And it is delicious. On a piece of brown bread with pickled red onion garnish, cured Laurel Hill trout offers a hint of earthiness, the result of curing salt laced with dried red sumac flowers that bloomed in August.

Of the quest to find such beautiful local ingredients, Mr. O'Brien observed a commonality among chefs. "We are all in the same struggle."

Ingredients and expertise beyond what's displayed in mom-and-pop restaurants is something relatively new to Pittsburgh, Mr. Hammond said.

"There is value in sharing experience," he said. "I saw this in Chicago [when he worked at Rick Bayless' Topolobampo and Grant Achatz's Alinea]. And when I came back to Pittsburgh nine years later, it was here."

It's no surprise that Pittsburgh chefs became more conscientious about taking advantage of regional products.

"Agriculture is such a huge thing in this area," Mr. Hammond said. "And in our restaurants now, we all want to push that aspect forward."

Although he had not worked on the line with Mr. O'Brien, Mr. Patterson said the chef helped him craft his business plan years ago when he and his brother Tom got serious about foraging.

"I had been thinking about creating Wild Purveyors for a while so I ran it by Chris O'Brien and Doug Dick of Bona Terra," the Sharpsburg restaurant that closed last year. "Chris in particular had encouraged me to go for it. He let me bounce ideas off him and made suggestions."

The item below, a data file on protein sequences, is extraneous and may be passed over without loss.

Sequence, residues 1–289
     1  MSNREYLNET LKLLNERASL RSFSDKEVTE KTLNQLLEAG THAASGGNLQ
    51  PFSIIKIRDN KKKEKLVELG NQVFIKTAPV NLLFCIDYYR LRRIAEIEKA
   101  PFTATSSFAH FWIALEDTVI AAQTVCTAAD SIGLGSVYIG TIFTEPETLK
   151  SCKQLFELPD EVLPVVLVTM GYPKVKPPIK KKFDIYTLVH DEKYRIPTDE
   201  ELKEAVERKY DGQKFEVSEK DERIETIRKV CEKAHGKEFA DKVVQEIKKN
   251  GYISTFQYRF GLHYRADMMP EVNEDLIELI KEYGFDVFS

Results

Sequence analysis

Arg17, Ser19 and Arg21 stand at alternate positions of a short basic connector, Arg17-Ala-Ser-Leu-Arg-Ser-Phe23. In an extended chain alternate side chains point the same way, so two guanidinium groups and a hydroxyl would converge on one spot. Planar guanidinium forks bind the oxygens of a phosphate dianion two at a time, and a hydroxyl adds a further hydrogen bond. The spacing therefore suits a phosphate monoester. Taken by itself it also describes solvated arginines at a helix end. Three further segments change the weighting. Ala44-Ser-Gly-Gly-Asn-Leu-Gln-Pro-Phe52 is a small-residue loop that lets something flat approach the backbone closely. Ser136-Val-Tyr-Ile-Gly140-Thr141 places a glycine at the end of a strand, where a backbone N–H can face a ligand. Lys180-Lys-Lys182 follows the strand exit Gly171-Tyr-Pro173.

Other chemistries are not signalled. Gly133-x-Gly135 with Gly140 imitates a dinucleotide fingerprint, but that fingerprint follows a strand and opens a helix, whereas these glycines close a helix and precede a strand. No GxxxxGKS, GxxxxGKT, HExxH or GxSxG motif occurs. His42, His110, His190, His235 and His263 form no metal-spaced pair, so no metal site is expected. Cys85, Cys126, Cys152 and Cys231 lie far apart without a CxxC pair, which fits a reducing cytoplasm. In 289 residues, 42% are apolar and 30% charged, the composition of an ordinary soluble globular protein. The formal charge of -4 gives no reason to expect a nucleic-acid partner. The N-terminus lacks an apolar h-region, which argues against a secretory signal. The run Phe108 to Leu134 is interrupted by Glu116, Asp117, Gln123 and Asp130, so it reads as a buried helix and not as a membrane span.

Mr. O'Brien said Hyeholde's "fundamentals about where food comes from" helped shape his expectations about quality, a demand he has instilled in those he mentored.

He said he looks for discipline, respect and efficiency from his cooks. "Very few chefs have gotten these traits on their own. You have to refine through patience."

As he reflected on his time at Hyeholde, Mr. O'Brien reminisced over his early career, comparing a young cook he hired at Restaurant Echo six months ago to colleagues who have since advanced. Mr. O'Brien is pleased with the young man's attitude and progress.

"We raked him over the coals," he joked. "He is very positive. He has taken on responsibility quickly."

He also recalled his time with Mr. DeShantz, who moved up the line at Hyeholde, earning the sous chef position, moving to pastry -- "a very different discipline" -- then to helm Nine on Nine, Downtown, before opening Meat & Potatoes in 2011.

"He's a super talented guy," Mr. O'Brien said.

Mr. DeShantz is among those Mr. O'Brien cited as building Pittsburgh's burgeoning restaurant community that was not nearly as cohesive even five years ago.

"You've got Root 174, Cure, Spoon, Legume, Eleven, Avenue B and Notion," said Mr. O'Brien. "It's really something that we have this community now."

He noted how often these chefs touch base, follow up and include Restaurant Echo in gatherings or events, despite its location in Butler County. Mr. O'Brien's contributions are most certainly a reason.

"Kitchen life is tough," he said. "But it's fair if you buy into it and put your time in."

Melissa McCart: 412-263-1198 or on Twitter @melissamccart.